To put it less politely if you can't be arsed to get off the aforesaid, some poor person for a pittance will deliver you a meal of some description.  Well on the back of the successful Uber call, when 70,000 had certain conditions such as holiday pay and a pension, plus a national living wage.  The Deliveroo employees are striking today for similar conditions.

You can make big profits on the backs of the slave labour of the young, or some poor middle-aged man with his only asset a car to drive people around with. 

There seems to be three types of people around in the class system, those that can afford the little luxuries of life, the really, really rich class, and the poor, who can't afford to rent or eat properly.

There is the silly arguments in the media about flags behind Conservative members of parliament, plus of course the obligatory picture of the Queen, which is neither here nor there.  Though the question being asked is the party developing right wing fascism undertones may be of interest to some. 

But to return to food, in amongst all the wretched television I watch (yes I know) there are adverts for food, food, and more food prepared elsewhere. For elderly people (excellent) food for slimmers (maybe), but when you come in exhausted from work there is a nice little array of spices and sauces to put on the steak (you hopefully have in the fridge) and the rest of the stuff.

It is as if society has taken a downward plunge into nothingness.  Food programmes dominate the screen, food in all shapes and sizes can be delivered to your door according to adverts.  Is anyone in this country not living on the earnings of renting and service industry actually making something.  Anything??

End of rant from a would be socialist. 

Tuesday, April 6, 2021

Intangible/anima mundi


Falling in love with words.  Intangible, something you can't quite touch but it is there it lingers on the air or in a pattern that has faded, the smell of a rose will remind you as it fades..  I would marry intangible with anima mundi, (world soul) everything interrelated and interconnected.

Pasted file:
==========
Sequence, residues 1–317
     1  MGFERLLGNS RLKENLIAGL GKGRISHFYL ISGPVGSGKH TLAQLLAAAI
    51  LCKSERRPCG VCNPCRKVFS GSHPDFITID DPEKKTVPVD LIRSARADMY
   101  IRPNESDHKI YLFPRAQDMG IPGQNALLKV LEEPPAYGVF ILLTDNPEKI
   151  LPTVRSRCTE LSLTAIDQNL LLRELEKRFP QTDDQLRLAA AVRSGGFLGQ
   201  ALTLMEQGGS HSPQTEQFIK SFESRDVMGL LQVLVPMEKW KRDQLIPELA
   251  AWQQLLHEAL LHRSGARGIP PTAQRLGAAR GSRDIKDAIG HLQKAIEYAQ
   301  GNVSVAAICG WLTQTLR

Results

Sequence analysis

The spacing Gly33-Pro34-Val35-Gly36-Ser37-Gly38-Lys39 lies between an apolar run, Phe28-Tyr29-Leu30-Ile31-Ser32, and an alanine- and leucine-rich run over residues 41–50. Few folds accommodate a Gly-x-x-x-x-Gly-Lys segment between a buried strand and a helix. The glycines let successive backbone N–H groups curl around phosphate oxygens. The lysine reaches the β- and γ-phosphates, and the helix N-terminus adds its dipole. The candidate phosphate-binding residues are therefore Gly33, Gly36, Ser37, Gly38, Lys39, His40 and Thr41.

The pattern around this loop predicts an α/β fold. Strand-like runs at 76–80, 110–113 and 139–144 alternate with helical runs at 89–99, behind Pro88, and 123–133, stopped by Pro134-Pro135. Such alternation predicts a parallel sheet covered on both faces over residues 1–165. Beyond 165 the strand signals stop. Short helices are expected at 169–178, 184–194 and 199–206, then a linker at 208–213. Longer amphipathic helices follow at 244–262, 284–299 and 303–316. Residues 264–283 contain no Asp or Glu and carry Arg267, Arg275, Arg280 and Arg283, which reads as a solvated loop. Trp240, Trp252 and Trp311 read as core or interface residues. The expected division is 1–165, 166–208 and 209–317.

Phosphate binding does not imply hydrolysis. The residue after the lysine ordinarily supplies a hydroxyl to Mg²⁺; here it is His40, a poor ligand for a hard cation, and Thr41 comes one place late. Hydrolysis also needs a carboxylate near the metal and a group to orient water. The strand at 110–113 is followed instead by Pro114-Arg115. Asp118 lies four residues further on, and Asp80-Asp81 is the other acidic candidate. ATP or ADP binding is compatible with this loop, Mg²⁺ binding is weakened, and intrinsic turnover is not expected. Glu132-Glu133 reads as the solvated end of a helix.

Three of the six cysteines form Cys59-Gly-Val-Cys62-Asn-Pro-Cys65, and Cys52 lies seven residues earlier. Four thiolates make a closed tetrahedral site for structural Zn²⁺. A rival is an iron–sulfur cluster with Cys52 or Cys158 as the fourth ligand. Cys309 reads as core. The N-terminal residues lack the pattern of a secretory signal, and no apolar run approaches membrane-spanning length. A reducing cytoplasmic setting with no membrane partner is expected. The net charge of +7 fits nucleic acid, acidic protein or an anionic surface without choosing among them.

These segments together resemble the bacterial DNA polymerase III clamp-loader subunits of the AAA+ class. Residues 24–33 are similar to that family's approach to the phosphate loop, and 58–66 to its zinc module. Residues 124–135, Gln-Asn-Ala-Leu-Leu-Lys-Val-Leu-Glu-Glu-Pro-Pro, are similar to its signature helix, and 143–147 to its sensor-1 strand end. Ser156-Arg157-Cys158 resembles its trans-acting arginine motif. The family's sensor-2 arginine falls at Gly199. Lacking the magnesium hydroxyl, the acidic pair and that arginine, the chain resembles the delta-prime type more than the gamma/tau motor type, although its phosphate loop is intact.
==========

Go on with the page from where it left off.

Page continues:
So where am I going as the fingers touch the alphabet before me.  Well firstly, reading Joanne Noragon on her work with looms and Tom Stephenson on the attributes of the proper use of lime.

In Japan there is the idea of Intangible Cultural Heritage,  Paul when he was in Japan on a business trip in 2009 with a client, took photos for me of the looms at the Nisigin Textile Center.  In fact living with Paul taught me that craft work is important, it would take time before you actually became an expert, in fact you were always learning.  I have often mentioned the Aged Paste cycle which takes ten years to happen.  Each year the great pot is taken out the old water replaced by new.  I have photos of the indigo dyers, stirring their pots of indigo, a miraculous process taking place as the dyed garments are brought up into the air and the oxygen  turns a different colour into that deep blue.

You can find the world in these two words, the prehistoric stones we both loved, the old churches we visited, the sheer physical beauty of the natural world and that craft work which takes time and love.  

Paul lost his love for conservation it took its toll on knees and eyes but his love of Japan never diminished.  Looking through old blogs, and suddenly I remember he collected 'stuff'.  Must be all up on the rafters of the garage.  The heavy Japanese fireman's uniforms, you soaked the fabric before they tackled the fire.  There was the butcher's aprons marked with their names.  The glass topped trays of minerals and dyes which I can't find but two of the boxes could be under a piece of heavy furniture. 

So I shall delve amongst my old blogs for reminders of the thing I have mentioned and spend a happy hour or two visiting the past.

Sunday, April 4, 2021

Notes for Easter

Good Friday.  The church bell has rung at 2.0.clock, the vicar stands outside the church dressed in white with a mask, she is working in the dying world of British Christian faith, maybe 6 people will turn up but probably fewer.  In my mind the time of 3.30 hovers this is when Jesus dies on the cross.  I remember as a school girl in classroom waiting for this event one Good Friday, and lo and behold the skies darkened - it was a storm of course, but even so! That day I almost believed.....

Which leads me to when Christianity came to these isles.  First of all it came in the form of Celtic saints proselytising, Rome slowly accepted this new young faith and it migrated over to Britain, though Ireland was probably the first to feel its touch.